A persistent shortage of Mylan's EpiPen anti-allergy injectors is forcing patients and pharmacists to go to great lengths to get their hands on the lifesaving device.
EpiPens, which can help stop a severe or life-threatening allergic reaction, have been hard to get since at least May 2018, when the Food and Drug Administration said the device was in short supply. While other options are available, including an identical lower-priced version of the device from Mylan, consumers have also struggled to secure alternatives thanks to uneven distribution, the reluctance of insurers to pay for similar treatments and uneasiness with unfamiliar products.
Even patients who live near numerous pharmacies have been scrambling. Boston resident Justin Klaassen said he drove 45 minutes outside the city earlier this year to find EpiPens for his 7-year-old daughter. Everywhere he called within 10 miles of Boston was out of stock of the device, which carries a list price of more than $600 for a two-pack but has been scarce because of manufacturing problems.
"My family has enough money to buy one with insurance, you know, and even two because you want one at school and you want one at home," Klaassen said. "But there are families out there who can't even afford one, and then you have the problem finding them."
EpiPens can be especially difficult to track down at the start of a new school year, when sales tend to peak. Teachers and staff in school districts across the U.S. have been trained to use the devices, while few have been shown how to use rivals like Adrenaclick and Auvi-Q. Some parents say that they worry that the few moments needed to get familiar with a new injector could be costly in an emergency.
Pharmacists are racing to keep EpiPens on their shelves, scooping up fresh supply whenever they can. Ashley Seyfarth, the owner of New Mexico pharmacy Kare Drug, said she "plays the back-order game," ordering from her wholesaler as soon as a shipment comes in regardless of whether she has prescriptions that need immediate filling.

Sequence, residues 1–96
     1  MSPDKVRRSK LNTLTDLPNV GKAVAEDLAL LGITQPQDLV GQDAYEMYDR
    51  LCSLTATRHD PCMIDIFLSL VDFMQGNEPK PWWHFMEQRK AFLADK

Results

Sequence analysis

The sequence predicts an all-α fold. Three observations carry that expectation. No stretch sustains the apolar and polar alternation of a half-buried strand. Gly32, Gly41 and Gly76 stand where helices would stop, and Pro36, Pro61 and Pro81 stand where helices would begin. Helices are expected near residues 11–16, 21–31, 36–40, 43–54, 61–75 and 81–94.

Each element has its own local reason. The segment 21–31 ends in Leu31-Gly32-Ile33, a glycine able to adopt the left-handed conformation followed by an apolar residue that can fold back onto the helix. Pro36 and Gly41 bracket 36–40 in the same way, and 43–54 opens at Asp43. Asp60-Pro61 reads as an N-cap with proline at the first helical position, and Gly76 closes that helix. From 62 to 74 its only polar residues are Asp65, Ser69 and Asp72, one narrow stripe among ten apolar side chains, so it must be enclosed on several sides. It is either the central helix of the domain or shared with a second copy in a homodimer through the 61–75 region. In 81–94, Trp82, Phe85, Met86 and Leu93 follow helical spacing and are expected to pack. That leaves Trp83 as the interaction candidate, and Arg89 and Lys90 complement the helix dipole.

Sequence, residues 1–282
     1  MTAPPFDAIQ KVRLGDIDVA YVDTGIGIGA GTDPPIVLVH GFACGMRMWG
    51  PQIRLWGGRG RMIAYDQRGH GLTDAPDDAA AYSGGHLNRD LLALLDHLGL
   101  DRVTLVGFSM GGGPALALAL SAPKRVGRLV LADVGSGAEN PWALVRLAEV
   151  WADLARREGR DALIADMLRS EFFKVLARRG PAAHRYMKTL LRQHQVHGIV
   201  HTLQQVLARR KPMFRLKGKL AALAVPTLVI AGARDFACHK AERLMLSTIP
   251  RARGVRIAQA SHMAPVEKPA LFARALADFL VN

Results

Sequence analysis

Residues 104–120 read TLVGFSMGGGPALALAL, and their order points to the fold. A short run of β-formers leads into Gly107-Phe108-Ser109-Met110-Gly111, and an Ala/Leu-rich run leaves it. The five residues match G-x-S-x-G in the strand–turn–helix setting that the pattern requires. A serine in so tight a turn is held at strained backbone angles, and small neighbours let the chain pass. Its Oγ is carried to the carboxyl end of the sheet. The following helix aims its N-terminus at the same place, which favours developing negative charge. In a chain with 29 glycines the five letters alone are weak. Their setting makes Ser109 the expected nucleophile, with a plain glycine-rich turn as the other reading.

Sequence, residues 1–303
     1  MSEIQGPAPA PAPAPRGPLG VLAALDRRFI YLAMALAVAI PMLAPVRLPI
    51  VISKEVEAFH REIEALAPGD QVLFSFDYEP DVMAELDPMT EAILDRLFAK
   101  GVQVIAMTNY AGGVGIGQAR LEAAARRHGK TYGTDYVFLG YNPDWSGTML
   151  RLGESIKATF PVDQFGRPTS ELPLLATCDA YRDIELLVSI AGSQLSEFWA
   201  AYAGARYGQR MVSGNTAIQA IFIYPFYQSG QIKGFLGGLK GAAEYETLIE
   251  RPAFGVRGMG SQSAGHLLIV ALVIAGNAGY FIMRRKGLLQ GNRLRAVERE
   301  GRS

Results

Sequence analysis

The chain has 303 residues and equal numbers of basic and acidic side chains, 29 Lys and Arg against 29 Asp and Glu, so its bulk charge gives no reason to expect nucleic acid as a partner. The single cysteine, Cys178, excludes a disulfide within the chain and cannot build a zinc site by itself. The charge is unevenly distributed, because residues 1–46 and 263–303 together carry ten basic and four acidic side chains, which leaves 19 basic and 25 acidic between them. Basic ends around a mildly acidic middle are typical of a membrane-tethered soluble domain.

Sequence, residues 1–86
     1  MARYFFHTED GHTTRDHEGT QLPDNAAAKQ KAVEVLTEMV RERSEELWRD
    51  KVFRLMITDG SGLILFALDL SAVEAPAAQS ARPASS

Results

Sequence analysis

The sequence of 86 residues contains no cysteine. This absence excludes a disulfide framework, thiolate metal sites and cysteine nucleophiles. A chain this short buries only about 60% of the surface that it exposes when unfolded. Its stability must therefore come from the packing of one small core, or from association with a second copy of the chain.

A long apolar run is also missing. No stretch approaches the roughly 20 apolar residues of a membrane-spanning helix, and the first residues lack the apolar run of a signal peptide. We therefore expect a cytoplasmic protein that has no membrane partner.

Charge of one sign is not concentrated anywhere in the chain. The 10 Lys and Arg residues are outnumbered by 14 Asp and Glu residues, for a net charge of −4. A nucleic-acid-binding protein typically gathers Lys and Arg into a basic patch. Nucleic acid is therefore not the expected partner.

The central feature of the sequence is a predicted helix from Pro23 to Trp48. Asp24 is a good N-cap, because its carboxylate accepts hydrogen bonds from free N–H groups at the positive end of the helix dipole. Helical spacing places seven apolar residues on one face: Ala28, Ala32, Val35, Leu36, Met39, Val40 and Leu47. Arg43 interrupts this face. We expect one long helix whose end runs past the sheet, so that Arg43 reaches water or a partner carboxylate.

Steps taken by U.S. regulators in recent weeks suggest that they expect the deficit of EpiPen brand injectors to linger, meaning more headaches likely await parents of students returning to school next month. In June, the FDA said expiration dates for some devices would be extended by four months.
Mylan has been providing information about EpiPen production and distribution shortages to the FDA on a weekly basis, said agency spokesman Nathan Arnold. The FDA can't say when the shortage will end, he said.
"The FDA looks at drug shortages on a national scale," Arnold said. "There may be local shortages in any given area of the United States even when there are not national shortages."
Mylan shares declined as much as 4.7% on Wednesday, the largest intraday decline in more than a month. So far this year, the drugmaker's stock price has fallen by 32%.
The current problems finding EpiPens can be traced back to September 2017, when Pfizer Inc.'s Meridian Medical Technologies division, which makes them for Mylan, received a warning from the FDA after allegedly failing to investigate hundreds of complaints about faulty devices.
Pfizer spokeswoman Kim Bencker said the company is also frustrated by the unsteady supply and that EpiPens involve a "highly complex and technical" manufacturing process.
"Despite our significant efforts, we do anticipate further supply shortages over the coming months," Bencker said. "Product is routinely shipping, and we are committed to permanently resolving this availability issue as quickly as possible."
Mylan spokeswoman Lauren Kashtan said the company is sending shipments as soon as it receives the product from Meridian and encourages people to call customer relations for assistance in locating alternative pharmacies. The generic injector made by Mylan isn't offically in shortage, according to the FDA.